Dementia is an umbrella term for a range of progressive conditions that affect the brain. There are over 200 subtypes of dementia, but the five most common are:
- Alzheimer’s disease
- vascular dementia
- dementia with Lewy bodies
- frontotemporal dementia
- mixed dementia
The brain is made up of nerve cells (neurones) that communicate with each other by sending messages. Dementia damages the nerve cells in the brain so messages can’t be sent from and to the brain effectively, which prevents the body from functioning normally.
Regardless of which type of dementia is diagnosed and what part of the brain is affected, each person will experience dementia in their own unique way.
Common symptoms of dementia
People with dementia might have problems retaining new information. They might get lost in previously familiar places and may struggle with names. Relatives might notice the person seems increasingly forgetful, misplacing things regularly.
Cognitive ability (processing information)
People with dementia may have difficulty with time and place, for example, getting up in the middle of the night to go to work, even though they’re retired. Also their concentration could be affected. There may be a difficulty when shopping with choosing the items and then paying for them. For some people the ability to reason and make decisions may also be affected. Some may get a sense of restlessness and prefer to keep moving than sit still; others may be reluctant to take part in activities they used to enjoy.
People with dementia may repeat themselves often or have difficulty finding the right words. Reading and writing might become challenging. They might experience changes in personality and behaviour, mood swings, anxiety and depression. They can lose interest in seeing others socially. Following and engaging in conversation can be difficult and tiring, and so a formerly outgoing person might become quieter and more introverted. Their self-confidence might also be affected.
How widespread is dementia?
Dementia can affect a person at any age but it is more commonly diagnosed in people over the age of 65 years. A person developing dementia before age 65 is said to have young onset dementia.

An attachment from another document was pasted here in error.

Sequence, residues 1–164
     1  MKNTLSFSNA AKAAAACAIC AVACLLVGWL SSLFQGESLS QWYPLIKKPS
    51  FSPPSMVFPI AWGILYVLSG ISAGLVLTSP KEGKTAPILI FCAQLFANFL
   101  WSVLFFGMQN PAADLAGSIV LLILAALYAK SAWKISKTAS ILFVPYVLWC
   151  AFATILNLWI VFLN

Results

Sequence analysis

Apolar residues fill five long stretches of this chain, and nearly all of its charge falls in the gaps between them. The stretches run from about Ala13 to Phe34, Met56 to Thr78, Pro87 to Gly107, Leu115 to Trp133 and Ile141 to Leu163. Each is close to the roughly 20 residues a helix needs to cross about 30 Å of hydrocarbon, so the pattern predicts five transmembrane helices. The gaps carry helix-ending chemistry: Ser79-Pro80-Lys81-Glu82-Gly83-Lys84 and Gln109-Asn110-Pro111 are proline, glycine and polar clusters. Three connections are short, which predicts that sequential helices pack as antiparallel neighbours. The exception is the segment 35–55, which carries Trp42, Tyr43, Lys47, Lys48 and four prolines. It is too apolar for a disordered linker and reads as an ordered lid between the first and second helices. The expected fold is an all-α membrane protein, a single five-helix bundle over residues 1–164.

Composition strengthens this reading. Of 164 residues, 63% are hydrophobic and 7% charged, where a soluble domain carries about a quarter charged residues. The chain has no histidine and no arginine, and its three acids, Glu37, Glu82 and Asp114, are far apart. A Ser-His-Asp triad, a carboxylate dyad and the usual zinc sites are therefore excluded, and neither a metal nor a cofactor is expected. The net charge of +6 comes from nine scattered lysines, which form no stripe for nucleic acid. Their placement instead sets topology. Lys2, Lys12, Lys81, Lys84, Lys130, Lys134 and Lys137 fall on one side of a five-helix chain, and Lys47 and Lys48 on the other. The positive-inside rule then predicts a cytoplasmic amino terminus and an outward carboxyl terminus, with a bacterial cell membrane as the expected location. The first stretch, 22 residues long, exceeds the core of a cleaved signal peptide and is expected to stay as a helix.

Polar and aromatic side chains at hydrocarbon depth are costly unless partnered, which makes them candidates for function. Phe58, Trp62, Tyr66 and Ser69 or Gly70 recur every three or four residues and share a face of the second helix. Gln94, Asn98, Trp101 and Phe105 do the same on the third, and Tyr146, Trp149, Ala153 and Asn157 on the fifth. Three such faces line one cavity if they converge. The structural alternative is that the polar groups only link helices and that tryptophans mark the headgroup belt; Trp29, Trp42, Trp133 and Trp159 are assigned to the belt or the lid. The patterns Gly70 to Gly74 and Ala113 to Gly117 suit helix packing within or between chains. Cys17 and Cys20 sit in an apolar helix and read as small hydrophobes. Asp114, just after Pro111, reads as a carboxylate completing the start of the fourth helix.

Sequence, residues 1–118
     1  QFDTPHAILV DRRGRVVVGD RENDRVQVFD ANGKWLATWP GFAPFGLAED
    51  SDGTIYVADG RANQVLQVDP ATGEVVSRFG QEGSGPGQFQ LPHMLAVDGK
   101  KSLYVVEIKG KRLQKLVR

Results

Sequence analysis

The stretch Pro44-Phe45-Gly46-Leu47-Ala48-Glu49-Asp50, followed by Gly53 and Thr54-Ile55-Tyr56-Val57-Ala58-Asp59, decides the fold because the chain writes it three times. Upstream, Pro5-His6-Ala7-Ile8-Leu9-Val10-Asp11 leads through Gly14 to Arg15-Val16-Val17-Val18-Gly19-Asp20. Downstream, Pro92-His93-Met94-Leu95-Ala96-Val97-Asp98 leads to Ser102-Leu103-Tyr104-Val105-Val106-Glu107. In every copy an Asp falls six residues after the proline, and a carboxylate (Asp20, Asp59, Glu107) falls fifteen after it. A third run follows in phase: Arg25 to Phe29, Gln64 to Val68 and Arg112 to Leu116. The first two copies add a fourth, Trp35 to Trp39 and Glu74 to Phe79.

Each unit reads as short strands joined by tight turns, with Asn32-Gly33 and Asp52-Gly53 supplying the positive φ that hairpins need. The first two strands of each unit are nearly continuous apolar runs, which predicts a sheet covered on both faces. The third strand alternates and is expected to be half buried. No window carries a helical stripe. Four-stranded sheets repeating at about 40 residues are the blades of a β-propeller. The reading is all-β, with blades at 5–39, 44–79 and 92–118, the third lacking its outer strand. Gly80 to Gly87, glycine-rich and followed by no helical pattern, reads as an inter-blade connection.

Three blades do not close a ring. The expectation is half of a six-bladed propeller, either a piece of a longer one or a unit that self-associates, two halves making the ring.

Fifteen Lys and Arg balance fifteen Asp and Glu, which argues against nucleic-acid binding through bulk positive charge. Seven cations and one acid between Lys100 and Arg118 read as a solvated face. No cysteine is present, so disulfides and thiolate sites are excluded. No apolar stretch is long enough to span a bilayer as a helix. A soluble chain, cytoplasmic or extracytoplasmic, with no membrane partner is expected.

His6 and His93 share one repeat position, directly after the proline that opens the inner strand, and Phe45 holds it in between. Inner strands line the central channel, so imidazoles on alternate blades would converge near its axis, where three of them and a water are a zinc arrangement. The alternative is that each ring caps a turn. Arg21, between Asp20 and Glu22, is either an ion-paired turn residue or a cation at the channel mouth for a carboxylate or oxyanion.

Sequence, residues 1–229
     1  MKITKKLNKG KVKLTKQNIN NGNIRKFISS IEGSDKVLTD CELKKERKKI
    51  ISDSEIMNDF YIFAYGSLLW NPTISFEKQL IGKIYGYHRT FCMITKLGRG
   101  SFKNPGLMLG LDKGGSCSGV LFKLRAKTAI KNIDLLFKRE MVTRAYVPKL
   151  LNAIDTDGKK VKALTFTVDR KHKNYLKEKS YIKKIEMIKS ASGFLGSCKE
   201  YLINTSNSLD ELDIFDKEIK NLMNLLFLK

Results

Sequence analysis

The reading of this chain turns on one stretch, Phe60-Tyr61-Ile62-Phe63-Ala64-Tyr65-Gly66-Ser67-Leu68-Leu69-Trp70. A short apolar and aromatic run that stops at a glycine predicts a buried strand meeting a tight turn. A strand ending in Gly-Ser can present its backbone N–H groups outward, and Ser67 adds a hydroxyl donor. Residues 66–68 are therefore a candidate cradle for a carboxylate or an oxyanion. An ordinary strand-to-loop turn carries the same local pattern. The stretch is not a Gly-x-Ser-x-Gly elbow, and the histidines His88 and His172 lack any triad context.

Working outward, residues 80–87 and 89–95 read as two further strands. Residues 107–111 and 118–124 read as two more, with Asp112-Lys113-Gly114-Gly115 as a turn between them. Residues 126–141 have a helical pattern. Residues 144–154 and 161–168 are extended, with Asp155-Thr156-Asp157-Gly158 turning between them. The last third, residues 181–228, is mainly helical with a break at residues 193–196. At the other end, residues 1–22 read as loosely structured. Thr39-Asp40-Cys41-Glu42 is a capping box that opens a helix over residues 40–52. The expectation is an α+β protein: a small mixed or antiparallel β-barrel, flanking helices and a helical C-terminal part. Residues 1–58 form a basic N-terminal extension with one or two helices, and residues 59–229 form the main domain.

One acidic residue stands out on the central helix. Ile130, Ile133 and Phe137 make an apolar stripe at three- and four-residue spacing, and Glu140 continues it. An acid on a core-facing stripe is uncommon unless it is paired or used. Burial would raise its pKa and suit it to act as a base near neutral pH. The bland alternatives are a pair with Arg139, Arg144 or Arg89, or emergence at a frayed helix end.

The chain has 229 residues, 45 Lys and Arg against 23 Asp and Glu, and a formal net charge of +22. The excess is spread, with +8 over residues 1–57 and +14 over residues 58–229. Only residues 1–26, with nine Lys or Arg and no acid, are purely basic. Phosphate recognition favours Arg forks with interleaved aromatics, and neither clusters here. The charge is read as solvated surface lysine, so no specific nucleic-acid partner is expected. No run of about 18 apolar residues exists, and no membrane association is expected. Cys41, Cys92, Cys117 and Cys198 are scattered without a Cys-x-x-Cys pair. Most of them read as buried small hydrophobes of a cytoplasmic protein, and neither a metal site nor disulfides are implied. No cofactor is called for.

There are estimated to be between 10,000 and 11,000 people living with dementia in North Wales and over 1,500 of those people live in Denbighshire.
As people live longer, it is estimated that the number of cases of dementia will increase as age is the biggest known risk factor. By 2030 the number of people living with dementia in North Wales is expected to almost double.
However, around 5% of people living with dementia are aged under 65.
Reduce your risk of getting dementia
The risk of dementia increases with age, and as more people are living longer, the number of people developing dementia will grow. However, it’s never too early or late to start following the 6 steps to reduce your risk of dementia. By taking these steps, you can significantly improve both your physical and mental health as you age.
Welsh Government has published a booklet (external website) suggesting six steps to follow that will not only make you feel better and reduce your risk of developing dementia, but will also help protect you from other health risks such as cancer, heart disease, stroke and diabetes.
- be physically active
- maintain a healthy weight
- be socially and mentally active
- avoid drinking too much alcohol
- stop smoking
- commit to review your health
Small changes to your lifestyle can over time, lead to big changes in your health.
Royal National Institute of Blind People (RNIB)
See RNIB: dementia and sight loss: promoting good eye health (external website).